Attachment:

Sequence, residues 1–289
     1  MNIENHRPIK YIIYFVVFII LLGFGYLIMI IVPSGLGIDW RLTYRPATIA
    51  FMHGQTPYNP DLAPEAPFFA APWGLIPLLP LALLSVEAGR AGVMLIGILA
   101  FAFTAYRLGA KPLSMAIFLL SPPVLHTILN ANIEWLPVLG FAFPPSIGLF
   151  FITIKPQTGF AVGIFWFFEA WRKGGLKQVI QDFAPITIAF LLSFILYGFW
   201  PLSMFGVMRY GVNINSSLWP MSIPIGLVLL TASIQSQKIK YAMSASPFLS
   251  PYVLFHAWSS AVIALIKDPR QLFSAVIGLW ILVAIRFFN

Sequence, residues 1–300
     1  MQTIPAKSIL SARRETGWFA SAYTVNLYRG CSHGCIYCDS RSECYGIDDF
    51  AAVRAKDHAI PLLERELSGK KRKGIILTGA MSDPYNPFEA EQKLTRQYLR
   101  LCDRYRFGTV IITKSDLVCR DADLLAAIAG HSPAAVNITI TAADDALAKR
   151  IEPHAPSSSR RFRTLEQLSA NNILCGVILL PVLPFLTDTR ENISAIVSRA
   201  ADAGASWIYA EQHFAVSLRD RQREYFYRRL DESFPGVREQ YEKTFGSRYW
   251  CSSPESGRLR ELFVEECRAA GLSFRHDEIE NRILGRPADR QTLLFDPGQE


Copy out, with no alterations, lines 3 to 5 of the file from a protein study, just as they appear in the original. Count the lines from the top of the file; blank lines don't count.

    51  FMHGQTPYNP DLAPEAPFFA APWGLIPLLP LALLSVEAGR AGVMLIGILA
   101  FAFTAYRLGA KPLSMAIFLL SPPVLHTILN ANIEWLPVLG FAFPPSIGLF
   151  FITIKPQTGF AVGIFWFFEA WRKGGLKQVI QDFAPITIAF LLSFILYGFW